Mr. Alun Michael (Cardiff, South and Penarth): We whole-heartedly support the intention of sending a clear message about our determination to combat terrorism at home and abroad—as we support the principle of the strongest possible co-operation with other democratic countries. In that sense, we welcome the agreement with India. The principle of confiscation is also not at issue. We support that as a weapon in the fight against terrorism. 5 Will the Minister present more of the context in which the statutory instrument comes before the Committee today? It is the first to be presented under the 1989 Act. What other such mechanisms were brought forward under earlier legislation? Are there differences between their operation and that of the new provision? The Minister has said that in general the mechanisms are similar to those adopted in other instances. The Minister said that the passage of the measure would put the Government in a position to implement the agreement with India to which he referred. Would that implementation then be complete, or would further steps be required? Will the Minister tell us about the mechanisms for implementation? He said that the High Court must be satisfied that the appropriate mechanisms have been properly followed in the country where proceedings have taken place—India, in this case. Technical requirements must be satisfied in the High Court, as to processes undergone and evidence produced, before the mechanisms allowed by the order can be pursued. On what points would the court need to be satisfied? What quality of evidence is required? To what extent is the procedure in the High Court subject to international law or agreements, as distinct from the bilateral agreement that the Minister referred to? He will appreciate the obvious concern that provisions should not be misused—an issue which has been the subject of discussion for some time. Confiscations under previous Orders in Council form part of the context. I should be grateful for more details about that. The Minister referred to previous confiscations and uses of the relevant mechanisms. What countries were involved and what were the amounts concerned? How many orders in relation to other countries have been pursued through this mechanism? That information will help us by providing a fuller context for our decision today.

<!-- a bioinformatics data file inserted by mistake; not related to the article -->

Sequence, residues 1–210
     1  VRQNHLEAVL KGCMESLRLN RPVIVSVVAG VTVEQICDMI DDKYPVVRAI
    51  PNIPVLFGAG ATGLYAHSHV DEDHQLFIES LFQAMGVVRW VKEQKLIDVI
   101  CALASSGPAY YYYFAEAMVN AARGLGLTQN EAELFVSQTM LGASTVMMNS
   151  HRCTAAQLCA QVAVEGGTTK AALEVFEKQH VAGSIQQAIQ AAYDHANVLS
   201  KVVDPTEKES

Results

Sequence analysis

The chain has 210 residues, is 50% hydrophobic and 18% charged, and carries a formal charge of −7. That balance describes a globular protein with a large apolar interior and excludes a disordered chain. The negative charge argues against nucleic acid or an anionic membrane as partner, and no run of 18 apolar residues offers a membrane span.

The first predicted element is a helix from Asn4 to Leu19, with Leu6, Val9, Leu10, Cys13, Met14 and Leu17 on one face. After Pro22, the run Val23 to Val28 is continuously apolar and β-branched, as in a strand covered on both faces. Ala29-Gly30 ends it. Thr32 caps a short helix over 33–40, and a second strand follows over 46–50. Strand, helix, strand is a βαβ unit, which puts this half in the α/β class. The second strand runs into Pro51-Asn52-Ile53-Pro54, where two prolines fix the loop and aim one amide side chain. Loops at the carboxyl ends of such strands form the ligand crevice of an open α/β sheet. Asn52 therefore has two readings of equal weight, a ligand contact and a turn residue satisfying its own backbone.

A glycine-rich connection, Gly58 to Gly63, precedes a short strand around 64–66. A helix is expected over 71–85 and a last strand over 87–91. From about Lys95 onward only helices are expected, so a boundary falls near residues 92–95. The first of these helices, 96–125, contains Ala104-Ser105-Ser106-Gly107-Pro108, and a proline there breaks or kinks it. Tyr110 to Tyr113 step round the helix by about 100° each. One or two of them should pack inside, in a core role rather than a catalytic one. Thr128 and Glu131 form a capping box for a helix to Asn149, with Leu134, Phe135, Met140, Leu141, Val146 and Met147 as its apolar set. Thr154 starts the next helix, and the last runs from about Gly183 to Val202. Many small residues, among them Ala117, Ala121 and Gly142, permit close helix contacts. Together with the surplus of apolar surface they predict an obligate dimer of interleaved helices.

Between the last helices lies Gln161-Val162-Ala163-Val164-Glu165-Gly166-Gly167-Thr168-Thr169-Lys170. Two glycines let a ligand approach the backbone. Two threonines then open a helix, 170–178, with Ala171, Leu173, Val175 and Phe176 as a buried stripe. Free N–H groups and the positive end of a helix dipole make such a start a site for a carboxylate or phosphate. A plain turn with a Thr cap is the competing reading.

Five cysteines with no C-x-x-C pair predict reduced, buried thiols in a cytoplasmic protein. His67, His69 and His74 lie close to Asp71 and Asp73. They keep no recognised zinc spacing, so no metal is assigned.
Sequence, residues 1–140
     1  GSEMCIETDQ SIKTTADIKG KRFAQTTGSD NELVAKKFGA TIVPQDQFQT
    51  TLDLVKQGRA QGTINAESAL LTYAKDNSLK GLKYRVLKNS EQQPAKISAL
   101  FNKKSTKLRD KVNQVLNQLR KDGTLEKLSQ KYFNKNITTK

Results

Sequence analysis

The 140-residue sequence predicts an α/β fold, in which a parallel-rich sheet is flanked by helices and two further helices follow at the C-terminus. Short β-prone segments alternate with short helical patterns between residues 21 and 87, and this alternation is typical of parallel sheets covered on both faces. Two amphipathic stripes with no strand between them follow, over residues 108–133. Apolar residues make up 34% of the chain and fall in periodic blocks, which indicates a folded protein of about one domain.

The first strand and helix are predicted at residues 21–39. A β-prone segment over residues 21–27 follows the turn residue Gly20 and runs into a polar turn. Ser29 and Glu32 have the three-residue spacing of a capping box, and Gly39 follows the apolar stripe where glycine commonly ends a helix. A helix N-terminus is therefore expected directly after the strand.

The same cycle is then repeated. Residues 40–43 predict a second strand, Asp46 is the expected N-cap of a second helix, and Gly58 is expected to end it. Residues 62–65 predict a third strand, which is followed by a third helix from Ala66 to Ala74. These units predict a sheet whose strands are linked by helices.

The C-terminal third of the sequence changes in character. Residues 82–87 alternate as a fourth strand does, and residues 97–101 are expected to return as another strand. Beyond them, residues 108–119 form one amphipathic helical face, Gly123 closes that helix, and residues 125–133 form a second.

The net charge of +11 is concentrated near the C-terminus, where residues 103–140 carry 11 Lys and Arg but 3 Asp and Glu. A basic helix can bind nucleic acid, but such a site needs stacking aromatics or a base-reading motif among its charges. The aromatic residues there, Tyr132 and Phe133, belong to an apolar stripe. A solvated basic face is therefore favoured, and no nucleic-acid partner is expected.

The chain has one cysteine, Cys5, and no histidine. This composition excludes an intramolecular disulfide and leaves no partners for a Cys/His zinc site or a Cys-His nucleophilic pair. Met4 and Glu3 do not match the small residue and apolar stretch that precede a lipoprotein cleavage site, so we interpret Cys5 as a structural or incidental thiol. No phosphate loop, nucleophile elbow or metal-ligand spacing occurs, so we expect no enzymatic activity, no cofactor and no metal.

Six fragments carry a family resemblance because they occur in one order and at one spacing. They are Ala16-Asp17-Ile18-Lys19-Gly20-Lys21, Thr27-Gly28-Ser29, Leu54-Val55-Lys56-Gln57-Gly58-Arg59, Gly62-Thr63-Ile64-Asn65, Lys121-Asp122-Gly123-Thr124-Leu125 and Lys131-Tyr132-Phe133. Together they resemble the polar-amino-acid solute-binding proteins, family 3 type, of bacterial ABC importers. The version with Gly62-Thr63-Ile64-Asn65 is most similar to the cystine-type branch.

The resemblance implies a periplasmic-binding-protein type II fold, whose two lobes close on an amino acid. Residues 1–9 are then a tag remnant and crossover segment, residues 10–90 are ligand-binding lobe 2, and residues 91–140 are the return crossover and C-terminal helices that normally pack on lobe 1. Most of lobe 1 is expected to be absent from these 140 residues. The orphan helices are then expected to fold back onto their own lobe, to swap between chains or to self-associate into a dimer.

10.38 am

Mr. A. J. Beith (Berwick-upon-Tweed): We support the objectives of the order, limited as it is, in practice, to India. The message that we are sending out loudly and clearly, is that we will not allow terrorism imported from anywhere to encroach on our soil, and that all the appropriate agencies will be used to prevent it. Confiscation of funds is one aspect of that operation. Perhaps the Minister will say how much use he considers will be made of the order and what significant contribution he thinks it will make to dealing with terrorism that might otherwise be imported from the Indian sub-continent. There may be anxiety in some quarters, such as among ethnic minority groups in this country, that the measures could be used to support what might be seen as oppressive measures in India. That would be the feeling of pro-Kashmiri groups and Sikhs particularly, 6 because they are not in any way associated with militancy but may be involved in legitimate political protest over their disagreement with the Indian Government's policies. This does not mean that they are in any way associated with terrorism. The ability of our courts to handle these matters in a proper way, weighing the evidence carefully, must be a vital safeguard for that. At least we have made clear at this stage that the order is directed at dealing with those who use violent means to seek the overthrow of the democratic process and, in many cases, also import the means of violence. The clear message must be that the order is in no way a denial of people's rights to express legitimate differences of view on issues that are quite far from our shores but which excite understandable interest among people who are citizens of this country. The crucial message, with which we all agree, is that we will not let more terrorism be imported to our shores.